Skip to main content

everything's bigger in texas

i thought i'd heard it all.

airlines are becoming increasingly alarmed about overweight passengers, as the increase in average weight is throwing off their fuel usage calculations and potentially endangering lives by weighing the plane down with a greater load than it was intended to carry.

funeral homes are running into problems because super-sized, uh, customers are not fitting within the confines of the usual repositories.

but this story from houston may take the cake (which could be part of the problem).

there is nothing that i am going to say that will add any meaningful insights into our morbid and obsessive relationship with consumption. while i have theories as to why this is becoming so prevalent, they really aren't groundbreaking.

still, stories like this, with their hints of the tragic and the absurd, never fail to fascinate and appall me. as someone who's had some pretty up-close experiences with various types of eating disorders, i know that food has moved well beyond its role as necessary sustenance and has become emblematic of many other things.

Comments

Martin said…
*Wheeze wheeze* so doc, *wheeze* what's wrong with me? *Pants wheezes*

Well, the problem is simple: you're fat. In fact, you're dying from it. Us medical professional call it with the rather technical morbidly obese.

*wheeze wheeze* So is there a *wheeze wheeze* pill I can take? *Wheeze*

*Blink blink* Well as a matter of fact, *reaches into his medicine cabinet and takes out a small container adorned with a death's head* there is this rather radical treatment *hands the patient a pill* you only need to take one, and then you're cured!

*WHEEZE wheeze* Really doc? Thanks! *wheeze*

Don't mention it. Now make sure that when you take it, that you're not driving or doing anything requiring your attention, okay?

*wheeze* is it going to *wheeze* make me sleepy? *wheeze*

Yyyyyeeesss, you could say that. In fact, I'd recommend that you take it just before you go to bed. By the morning, you'll be fine.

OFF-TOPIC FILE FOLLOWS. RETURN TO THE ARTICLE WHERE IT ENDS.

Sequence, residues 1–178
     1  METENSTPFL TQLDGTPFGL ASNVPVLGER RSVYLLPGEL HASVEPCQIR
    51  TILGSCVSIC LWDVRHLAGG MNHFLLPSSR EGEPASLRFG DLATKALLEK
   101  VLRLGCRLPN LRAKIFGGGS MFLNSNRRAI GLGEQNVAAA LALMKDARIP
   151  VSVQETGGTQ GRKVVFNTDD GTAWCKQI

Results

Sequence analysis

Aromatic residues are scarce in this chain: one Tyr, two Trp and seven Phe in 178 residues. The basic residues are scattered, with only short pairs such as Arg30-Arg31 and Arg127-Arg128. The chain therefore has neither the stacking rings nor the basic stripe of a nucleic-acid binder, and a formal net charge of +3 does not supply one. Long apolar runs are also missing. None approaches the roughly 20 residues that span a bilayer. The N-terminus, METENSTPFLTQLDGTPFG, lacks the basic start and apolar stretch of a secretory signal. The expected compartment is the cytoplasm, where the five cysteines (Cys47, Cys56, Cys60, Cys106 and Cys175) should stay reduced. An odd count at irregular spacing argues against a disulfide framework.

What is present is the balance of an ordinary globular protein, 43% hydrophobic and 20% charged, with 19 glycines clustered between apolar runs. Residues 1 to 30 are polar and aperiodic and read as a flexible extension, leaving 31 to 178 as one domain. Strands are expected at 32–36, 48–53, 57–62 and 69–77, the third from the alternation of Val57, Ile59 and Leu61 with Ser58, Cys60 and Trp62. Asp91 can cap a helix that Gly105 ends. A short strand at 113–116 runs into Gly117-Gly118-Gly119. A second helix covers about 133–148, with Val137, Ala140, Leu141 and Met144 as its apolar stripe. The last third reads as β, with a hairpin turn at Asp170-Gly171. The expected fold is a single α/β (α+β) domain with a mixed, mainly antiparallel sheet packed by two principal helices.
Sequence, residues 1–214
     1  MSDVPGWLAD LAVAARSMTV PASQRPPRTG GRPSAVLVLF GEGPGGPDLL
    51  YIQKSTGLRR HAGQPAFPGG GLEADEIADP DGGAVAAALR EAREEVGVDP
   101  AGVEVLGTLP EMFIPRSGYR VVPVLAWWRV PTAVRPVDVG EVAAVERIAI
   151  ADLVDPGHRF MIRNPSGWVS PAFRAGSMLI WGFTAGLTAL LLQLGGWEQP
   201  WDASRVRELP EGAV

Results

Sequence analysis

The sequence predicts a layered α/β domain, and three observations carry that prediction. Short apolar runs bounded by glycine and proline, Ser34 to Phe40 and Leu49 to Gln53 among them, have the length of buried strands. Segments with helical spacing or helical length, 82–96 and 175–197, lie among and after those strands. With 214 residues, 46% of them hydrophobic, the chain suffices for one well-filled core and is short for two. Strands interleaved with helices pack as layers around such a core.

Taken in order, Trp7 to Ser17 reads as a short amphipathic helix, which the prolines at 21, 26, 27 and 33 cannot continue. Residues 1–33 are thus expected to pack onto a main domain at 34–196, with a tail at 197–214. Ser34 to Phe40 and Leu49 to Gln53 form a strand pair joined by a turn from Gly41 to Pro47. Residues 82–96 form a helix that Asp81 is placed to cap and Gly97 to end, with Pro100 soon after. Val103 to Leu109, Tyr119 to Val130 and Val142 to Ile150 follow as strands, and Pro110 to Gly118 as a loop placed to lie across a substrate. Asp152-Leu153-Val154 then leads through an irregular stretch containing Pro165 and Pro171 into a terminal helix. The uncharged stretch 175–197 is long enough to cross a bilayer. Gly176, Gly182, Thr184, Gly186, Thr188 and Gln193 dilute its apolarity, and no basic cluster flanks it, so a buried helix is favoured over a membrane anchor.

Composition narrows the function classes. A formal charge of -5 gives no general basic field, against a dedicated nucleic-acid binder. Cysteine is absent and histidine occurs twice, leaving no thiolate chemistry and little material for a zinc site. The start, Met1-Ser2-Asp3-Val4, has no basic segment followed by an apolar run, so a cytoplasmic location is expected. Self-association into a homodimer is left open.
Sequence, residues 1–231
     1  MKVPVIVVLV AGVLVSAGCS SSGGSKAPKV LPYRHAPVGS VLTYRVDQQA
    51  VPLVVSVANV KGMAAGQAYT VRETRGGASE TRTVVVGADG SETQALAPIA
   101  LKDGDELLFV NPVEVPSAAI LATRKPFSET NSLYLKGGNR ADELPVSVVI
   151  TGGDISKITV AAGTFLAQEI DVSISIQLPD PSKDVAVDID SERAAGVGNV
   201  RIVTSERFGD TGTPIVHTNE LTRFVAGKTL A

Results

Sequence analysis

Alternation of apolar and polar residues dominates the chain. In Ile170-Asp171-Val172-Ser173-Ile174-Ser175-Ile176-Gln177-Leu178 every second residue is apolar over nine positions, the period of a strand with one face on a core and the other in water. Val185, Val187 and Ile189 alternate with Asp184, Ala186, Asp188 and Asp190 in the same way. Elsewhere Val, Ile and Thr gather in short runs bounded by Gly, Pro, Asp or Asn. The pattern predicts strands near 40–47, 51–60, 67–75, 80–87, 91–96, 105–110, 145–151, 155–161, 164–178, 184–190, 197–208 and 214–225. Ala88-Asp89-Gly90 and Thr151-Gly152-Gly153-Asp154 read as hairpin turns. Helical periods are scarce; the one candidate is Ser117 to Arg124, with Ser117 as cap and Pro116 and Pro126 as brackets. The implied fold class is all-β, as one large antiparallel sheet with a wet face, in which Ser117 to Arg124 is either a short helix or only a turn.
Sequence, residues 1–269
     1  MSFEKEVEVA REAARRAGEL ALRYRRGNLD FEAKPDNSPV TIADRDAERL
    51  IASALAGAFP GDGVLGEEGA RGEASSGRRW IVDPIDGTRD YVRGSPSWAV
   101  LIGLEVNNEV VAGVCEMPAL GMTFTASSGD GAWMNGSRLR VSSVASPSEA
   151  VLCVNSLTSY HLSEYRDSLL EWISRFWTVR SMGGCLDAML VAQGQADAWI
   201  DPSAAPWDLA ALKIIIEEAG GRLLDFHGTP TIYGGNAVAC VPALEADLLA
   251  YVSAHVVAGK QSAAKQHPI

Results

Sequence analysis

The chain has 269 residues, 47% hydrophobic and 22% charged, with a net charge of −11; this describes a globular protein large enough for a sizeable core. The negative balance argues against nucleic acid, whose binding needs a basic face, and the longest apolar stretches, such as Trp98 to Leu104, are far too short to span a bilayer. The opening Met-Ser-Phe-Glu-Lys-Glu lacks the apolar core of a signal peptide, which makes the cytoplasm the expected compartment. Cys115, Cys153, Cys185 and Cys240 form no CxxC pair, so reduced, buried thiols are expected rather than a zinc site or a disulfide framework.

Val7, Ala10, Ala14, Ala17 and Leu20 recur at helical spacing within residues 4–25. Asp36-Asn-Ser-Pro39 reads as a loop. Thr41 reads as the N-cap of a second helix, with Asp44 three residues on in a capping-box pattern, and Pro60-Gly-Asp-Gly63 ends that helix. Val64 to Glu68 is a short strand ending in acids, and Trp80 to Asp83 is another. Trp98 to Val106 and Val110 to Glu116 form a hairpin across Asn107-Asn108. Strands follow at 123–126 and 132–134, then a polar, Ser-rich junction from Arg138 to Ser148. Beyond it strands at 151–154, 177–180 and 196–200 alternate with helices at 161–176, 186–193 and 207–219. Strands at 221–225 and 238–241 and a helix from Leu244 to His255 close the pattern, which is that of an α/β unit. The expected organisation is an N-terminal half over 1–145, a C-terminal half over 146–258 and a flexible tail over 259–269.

*Wheeze* I'll do that, thanks! *closes door*

Another life saved, just another day, doing my job *replaces the bottle of cyanide pill in the cabinet.*

as long as you're here, why not read more?

don't speak

you might think that it sounds dramatic, but linguistic genocide is something that happens. people in power will go to great lengths to eradicate certain languages, not just for the sheer joy of making the world a lesser place, but as a way of beating down the culture that's associated with it. language has a unique reciprocal bond with culture, and every group that has attempted to break down another has recognised that forbidding a cultural group from communicating in their own language is an extremely effective way to tear apart their culture.

there are lots [and lots and lots and lots] of examples of this sort of thing, some successful, some not, but far too many to cover in one blog post. however, i thought it was worth looking at some languages that have been the subjects of active repression, and what the political consequences of that have been.

devastation :: the native north american languages :: it should come as no surprise that the largest genocide in history [by a ma…

losers?

just a short time ago, i waxed prosaic about trump supporters who felt betrayed by their candidate pursuing in office the exact things that he said he would. short version: i have no sympathy.

today is a bit different. in the wake of america's bombing of a syrian air strip, in response to a chemical weapons attack by the syrian government, my facebook and twitter feeds were peppered with plaintive shades of "we believed you". these are the people who heard trump say that he wanted the united states to step back and focus on defending its own. indeed, trump did say such things, over and over; america cannot be the policeman of the world. even arch-liberal cynics like me had to admit that this was a refreshing argument to hear from someone outside the paul family, and, could easily have been turned into trump's greatest argument against hillary clinton. [he chose to go another way, which also worked.]

trump also said, repeatedly, that america needed to invest heavily …

long division

after the united states election last year, there were the usual calls for the country to unite behind the new president. that never happens anymore, because, since george w. bush scored a victory in 2004, having launched the country into a war in iraq for no reason, the people on the losing side of a presidential election have been pretty bloody angry about it. democrats hated bush 43. republicans really hated obama. democrats really hate trump.

it didn't help that trump didn't make the typical conciliatory gestures like including a couple of members of the opposite party in his cabinet, or encouraging his party to proceed slowly with contentious legislation. barack obama arguably wasted at least two and as many as six years of his tenure as president trying to play peacemaker before he felt sufficiently safe to just say "screw you guys" and start governing around the ridiculous congress he was forced to deal with. not-giving-a-shit obama was the best president in …